How is patent foramen ovale (PFO) treated?

Dr. Kent G. Meredith, MD
Cardiologist (Heart Specialist)

Patent foramen ovale (PFO) is a communication or small opening between the right (low oxygen) and left (high oxygen) sides of the heart. The PFO is a remnant of normal development of the heart, and is essential for survival of the fetus while in the womb. In most individuals, the PFO closes in early childhood. However, it may remain open in a large percentage of healthy adults. PFO is sometimes (mistakenly) confused with atrial septal defect (ASD), a birth defect caused by an incompletely-formed wall between the atrial chambers of the heart.

Whether and when a PFO should be closed is the subject of intense debate, and more clinical studies are needed before closure can be routinely recommended. A number of medical conditions have been suggested as having a possible association with PFO, including strokes and migraine headaches, but definitive proof showing a clear benefit to PFO closure is not yet available. Patients who have a PFO may wish to discuss their individual case with a physician who has specific knowledge in this area, and carefully consider both sides of the debate before making a decision.

If PFO closure is appropriate, the procedure can usually be done with a relatively simple catheter-based procedure. A catheter is placed in the leg vein, through which a small device can be delivered and implanted in the heart within the PFO. Over several months, scar tissue grows over the device, permanently sealing off the PFO.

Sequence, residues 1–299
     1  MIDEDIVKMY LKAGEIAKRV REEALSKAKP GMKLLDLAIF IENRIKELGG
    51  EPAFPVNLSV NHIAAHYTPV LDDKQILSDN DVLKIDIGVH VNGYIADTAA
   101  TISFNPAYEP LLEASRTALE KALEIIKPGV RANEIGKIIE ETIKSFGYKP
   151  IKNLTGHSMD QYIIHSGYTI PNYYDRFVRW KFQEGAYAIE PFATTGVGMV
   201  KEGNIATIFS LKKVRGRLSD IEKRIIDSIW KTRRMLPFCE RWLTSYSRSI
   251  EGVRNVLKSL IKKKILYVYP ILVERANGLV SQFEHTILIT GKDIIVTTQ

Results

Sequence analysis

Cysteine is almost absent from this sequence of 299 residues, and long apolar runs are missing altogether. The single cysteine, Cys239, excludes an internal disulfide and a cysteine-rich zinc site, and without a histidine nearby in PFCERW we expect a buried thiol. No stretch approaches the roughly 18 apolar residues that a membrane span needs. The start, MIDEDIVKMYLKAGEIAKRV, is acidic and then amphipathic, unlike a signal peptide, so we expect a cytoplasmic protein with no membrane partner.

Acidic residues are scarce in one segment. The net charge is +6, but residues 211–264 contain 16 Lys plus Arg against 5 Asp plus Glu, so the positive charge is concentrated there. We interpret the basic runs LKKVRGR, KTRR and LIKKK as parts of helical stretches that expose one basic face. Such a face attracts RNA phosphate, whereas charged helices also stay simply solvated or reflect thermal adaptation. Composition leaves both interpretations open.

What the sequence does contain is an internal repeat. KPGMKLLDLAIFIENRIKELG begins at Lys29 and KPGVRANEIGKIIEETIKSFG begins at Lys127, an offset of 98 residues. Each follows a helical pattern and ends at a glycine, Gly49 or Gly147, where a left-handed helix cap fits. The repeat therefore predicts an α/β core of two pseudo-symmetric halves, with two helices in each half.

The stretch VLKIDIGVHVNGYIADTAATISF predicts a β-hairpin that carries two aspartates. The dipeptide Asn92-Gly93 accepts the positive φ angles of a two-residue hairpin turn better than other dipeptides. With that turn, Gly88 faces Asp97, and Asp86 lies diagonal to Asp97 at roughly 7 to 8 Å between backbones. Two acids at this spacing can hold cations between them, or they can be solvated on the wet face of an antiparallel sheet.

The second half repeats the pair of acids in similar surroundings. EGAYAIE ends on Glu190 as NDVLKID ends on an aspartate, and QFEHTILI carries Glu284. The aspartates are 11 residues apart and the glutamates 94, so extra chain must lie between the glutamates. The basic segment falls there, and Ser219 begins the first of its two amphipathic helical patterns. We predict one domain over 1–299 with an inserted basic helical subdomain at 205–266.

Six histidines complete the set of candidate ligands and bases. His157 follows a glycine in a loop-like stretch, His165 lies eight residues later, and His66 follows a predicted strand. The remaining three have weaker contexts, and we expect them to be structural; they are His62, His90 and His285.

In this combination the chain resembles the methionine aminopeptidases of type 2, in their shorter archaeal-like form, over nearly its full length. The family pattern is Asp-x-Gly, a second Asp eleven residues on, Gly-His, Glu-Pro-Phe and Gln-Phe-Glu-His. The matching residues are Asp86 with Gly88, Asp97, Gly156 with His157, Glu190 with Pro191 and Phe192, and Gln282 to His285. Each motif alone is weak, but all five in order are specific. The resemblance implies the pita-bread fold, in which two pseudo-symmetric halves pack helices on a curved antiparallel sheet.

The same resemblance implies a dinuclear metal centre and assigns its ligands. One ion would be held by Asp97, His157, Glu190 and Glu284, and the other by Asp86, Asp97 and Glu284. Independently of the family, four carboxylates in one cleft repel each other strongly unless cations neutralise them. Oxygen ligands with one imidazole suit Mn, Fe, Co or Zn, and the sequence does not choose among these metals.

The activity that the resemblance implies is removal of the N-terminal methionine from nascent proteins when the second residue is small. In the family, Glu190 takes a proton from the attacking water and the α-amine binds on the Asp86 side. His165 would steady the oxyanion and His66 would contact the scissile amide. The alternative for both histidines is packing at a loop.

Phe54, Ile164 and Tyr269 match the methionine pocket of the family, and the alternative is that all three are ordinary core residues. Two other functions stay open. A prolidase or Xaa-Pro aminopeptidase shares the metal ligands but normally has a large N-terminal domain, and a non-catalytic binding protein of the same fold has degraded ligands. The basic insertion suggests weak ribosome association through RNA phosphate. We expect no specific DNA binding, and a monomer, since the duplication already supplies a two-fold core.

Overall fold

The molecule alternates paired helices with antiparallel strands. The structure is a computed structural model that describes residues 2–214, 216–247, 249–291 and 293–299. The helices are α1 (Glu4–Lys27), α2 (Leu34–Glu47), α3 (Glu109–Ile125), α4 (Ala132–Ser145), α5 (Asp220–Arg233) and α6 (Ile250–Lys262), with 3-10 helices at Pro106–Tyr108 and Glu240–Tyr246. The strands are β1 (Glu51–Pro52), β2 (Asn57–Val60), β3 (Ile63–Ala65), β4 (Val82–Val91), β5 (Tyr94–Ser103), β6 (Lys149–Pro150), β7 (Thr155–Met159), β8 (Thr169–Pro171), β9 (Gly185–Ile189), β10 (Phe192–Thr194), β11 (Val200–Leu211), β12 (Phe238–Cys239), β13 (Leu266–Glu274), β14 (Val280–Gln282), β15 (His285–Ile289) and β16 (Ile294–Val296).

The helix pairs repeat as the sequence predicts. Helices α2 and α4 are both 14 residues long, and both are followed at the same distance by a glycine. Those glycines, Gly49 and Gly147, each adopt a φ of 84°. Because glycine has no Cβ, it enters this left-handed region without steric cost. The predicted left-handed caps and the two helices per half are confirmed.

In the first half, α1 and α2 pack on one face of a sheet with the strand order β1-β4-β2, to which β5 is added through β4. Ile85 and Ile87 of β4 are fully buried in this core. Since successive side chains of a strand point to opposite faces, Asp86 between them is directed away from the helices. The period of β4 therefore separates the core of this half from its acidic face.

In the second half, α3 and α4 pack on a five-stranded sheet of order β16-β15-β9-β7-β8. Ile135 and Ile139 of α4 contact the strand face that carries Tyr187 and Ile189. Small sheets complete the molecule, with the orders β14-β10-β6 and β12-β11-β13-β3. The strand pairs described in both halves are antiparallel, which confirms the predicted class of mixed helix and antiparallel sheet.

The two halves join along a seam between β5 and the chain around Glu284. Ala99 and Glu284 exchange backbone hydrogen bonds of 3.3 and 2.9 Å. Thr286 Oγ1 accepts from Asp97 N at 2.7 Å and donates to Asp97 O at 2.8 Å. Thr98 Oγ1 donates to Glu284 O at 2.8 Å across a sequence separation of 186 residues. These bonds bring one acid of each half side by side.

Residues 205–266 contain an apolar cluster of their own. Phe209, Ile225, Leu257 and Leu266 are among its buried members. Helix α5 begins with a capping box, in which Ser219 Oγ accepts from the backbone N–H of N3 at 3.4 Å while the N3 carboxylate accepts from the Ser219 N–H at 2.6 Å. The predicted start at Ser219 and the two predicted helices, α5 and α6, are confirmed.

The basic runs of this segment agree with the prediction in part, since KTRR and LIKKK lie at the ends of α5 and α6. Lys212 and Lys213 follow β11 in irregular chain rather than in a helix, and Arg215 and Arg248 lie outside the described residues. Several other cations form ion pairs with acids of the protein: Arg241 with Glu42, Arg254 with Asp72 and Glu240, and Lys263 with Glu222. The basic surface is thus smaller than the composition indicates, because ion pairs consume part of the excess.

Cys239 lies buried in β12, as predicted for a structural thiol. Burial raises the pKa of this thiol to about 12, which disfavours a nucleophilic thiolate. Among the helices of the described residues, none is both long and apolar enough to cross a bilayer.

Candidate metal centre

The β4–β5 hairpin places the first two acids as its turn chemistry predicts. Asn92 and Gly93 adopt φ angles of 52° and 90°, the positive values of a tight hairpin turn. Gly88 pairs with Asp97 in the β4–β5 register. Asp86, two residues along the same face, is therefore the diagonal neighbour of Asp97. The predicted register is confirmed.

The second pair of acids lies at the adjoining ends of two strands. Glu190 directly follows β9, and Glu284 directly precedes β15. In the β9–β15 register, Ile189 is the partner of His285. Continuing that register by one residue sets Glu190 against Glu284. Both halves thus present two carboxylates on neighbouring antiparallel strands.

Dr. Daniel P. O'Hair, MD
Cardiothoracic Surgeon

Atrial septal defect (ASD) is a hole in the atrium of the heart, and patent foramen ovale (PFO) is a hole between the two atria. These defects are common structural heart disease conditions.

Not all holes need to be repaired. A clear indication is when a person with a hole in the heart has had a stroke. That means, possibly, that a clot in a vein may have broken off and traveled to the heart and lungs, causing the stroke. A person with a hole in the heart is at great risk for having another stroke. When a person has a whole in the heart, a clot can pass through to the other side of the heart that pumps blood to the brain, which could lead to another stroke or death.

There are different treatment options:

  1. Surgery: There are two surgical options for ASD and PFO: traditional open chest surgery through the sternum or robotic surgery, which is performed through a small incision on the right side of the body.
  2. Patch: A patch is a catheter-based approach (in which a tube is placed in a vessel and a wire is guided to the problem area) to implant a patch over the hole. The patch covers the hole and prevents blood or clots from passing through.

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Important: This content reflects information from various individuals and organizations and may offer alternative or opposing points of view. It should not be used for medical advice, diagnosis or treatment. As always, you should consult with your healthcare provider about your specific health needs.